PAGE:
Our deepest needs for truth, sincerity, love are in fundamental collision with the logic of business. We cannot be genuinely sincere, honest, loving +and+ have maximised profits as our ultimate priority! There’s no room for compromise here - profits must come first -- as Noam Chomsky points out:
"The chairman of the board may sincerely believe that his every waking moment is dedicated to serving human needs. Were he to act on these delusions instead of pursuing profit and market share, he would no longer be chairman of the board." (Chomsky, Necessary Illusions: Thought Control in Democratic Societies, Pluto Press, 1991, p.19)
It is for precisely this reason that deeper human values have no place at work. It is not just that we need to be indifferent to our humanity -- renamed "sentimentality" -- if we are to be successful; we need to be aggressively focused in exactly the opposite cynical, ruthless direction.
For me, this pressure to be what business needed me to be, even down to the fine details of behaviour and thought, was a kind of imprisonment, with the bars experienced as emptiness, futility and boredom.
In October 1997, the Observer reported:
“Researchers at the University of Salford estimate that workers fake or suppress emotions in no fewer than a quarter of their conversations with colleagues and customers. According to psychologist Sandi Mann people who are forced into chronic insincerity can suffer from poor self-esteem, depression and cynicism as well as physical conditions such as headaches, sexual dysfunction and drug dependency. ‘Burnout’ is another consequence. Its hallmarks are emotional exhaustion, depersonalisation (where the sufferer starts to see others as objects rather than people) and a loss of satisfaction in personal achievements.” (The Observer, January 19, 1997)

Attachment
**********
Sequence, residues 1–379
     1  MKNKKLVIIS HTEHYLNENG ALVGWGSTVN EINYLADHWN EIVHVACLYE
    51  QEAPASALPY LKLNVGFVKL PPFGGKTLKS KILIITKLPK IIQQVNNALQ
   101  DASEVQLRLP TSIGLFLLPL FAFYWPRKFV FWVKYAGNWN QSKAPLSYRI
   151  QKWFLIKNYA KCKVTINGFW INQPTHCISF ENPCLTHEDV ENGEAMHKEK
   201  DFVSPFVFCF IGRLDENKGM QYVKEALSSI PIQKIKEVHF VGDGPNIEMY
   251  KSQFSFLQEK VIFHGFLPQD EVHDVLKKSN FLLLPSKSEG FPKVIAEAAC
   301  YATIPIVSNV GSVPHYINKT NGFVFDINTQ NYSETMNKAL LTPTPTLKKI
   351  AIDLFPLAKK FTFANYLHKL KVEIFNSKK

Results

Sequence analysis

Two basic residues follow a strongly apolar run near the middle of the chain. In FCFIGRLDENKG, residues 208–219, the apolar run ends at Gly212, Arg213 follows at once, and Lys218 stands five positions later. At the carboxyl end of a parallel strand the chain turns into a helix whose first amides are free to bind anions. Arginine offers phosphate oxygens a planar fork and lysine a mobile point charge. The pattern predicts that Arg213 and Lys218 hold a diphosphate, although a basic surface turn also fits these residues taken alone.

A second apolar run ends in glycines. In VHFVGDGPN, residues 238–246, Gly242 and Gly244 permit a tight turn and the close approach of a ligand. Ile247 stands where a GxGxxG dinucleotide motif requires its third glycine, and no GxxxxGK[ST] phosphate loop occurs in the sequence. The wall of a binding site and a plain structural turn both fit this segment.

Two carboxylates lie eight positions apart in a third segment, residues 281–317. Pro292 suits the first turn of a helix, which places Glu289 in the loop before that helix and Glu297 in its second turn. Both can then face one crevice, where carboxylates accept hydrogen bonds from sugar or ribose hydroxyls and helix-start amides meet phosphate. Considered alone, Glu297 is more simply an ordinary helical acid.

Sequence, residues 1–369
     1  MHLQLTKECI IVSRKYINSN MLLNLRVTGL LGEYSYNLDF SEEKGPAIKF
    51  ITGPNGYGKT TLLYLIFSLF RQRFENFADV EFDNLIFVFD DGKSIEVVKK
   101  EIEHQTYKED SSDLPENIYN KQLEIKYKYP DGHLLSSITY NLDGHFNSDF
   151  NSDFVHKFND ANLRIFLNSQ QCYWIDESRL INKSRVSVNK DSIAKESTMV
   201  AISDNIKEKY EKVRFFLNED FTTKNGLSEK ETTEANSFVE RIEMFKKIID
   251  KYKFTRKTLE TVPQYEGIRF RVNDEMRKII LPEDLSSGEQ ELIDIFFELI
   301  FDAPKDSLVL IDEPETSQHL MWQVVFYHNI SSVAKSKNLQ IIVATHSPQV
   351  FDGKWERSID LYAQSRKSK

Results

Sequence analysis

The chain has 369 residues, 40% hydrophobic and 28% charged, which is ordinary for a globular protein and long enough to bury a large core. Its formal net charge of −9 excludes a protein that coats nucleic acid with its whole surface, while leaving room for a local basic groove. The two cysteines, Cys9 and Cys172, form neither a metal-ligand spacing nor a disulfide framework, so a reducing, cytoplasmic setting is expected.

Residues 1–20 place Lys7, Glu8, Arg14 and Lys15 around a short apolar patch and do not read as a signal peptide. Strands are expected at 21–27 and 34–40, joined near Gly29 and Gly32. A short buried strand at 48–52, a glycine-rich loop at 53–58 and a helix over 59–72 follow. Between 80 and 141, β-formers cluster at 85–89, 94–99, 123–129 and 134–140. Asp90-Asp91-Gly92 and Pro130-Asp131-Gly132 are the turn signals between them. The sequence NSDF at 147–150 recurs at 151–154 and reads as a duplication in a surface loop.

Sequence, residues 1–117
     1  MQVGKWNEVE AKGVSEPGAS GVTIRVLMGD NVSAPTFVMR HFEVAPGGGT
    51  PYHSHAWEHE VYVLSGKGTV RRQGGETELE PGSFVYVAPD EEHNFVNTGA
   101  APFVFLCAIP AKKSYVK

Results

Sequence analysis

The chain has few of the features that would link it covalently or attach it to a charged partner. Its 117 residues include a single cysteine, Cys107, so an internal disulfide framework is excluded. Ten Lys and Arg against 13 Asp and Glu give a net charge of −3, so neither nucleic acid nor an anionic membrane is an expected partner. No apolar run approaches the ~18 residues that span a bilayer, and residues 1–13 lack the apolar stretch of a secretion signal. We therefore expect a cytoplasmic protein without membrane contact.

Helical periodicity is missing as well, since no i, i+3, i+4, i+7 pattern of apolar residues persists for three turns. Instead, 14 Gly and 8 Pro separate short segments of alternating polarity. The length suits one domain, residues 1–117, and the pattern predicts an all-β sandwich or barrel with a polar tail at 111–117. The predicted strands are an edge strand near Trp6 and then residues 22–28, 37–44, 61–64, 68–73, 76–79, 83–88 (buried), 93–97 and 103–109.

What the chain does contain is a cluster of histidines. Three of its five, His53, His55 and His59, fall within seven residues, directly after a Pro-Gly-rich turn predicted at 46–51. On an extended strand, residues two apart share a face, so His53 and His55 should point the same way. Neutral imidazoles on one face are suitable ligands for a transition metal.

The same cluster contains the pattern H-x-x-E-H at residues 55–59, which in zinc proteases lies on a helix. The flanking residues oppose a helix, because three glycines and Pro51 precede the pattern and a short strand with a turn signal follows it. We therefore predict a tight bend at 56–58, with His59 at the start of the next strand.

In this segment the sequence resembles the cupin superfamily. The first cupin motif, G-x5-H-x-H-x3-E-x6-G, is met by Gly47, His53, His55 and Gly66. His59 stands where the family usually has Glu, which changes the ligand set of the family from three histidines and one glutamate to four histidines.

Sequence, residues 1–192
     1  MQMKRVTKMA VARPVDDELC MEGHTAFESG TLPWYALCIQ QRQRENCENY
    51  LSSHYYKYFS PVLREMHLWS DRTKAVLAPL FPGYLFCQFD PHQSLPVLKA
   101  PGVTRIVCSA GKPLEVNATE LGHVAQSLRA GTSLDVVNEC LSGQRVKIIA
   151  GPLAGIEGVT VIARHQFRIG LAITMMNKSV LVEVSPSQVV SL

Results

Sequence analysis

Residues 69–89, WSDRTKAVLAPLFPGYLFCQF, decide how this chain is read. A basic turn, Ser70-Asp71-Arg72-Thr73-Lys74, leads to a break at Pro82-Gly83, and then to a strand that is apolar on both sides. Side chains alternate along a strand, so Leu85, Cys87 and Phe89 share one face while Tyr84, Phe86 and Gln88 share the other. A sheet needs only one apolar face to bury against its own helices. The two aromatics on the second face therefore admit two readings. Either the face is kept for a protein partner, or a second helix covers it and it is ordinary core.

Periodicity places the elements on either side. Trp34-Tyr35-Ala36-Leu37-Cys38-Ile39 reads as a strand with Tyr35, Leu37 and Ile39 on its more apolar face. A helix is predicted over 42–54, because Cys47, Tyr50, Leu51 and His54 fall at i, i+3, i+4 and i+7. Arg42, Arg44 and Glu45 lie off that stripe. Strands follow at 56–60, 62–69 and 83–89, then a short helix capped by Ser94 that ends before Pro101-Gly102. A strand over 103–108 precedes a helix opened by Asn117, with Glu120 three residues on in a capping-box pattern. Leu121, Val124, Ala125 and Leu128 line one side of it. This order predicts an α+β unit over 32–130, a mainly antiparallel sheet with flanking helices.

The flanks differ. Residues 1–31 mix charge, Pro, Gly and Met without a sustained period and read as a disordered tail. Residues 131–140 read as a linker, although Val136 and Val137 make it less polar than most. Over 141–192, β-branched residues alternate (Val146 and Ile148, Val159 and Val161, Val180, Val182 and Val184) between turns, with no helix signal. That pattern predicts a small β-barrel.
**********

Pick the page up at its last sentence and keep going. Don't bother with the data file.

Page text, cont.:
Worse still, because corporate culture dominates the production of most of what we see, hear and read, what really matters in human terms has been largely filtered from mainstream culture because it conflicts with the inherently absurd and superficial values of profitable consumerism. Instead, we are swamped with maddening trivia - sex, soaps, celebrities, sport -- better accommodated to the trivial corporate version of reality.
Erich Fromm put it well: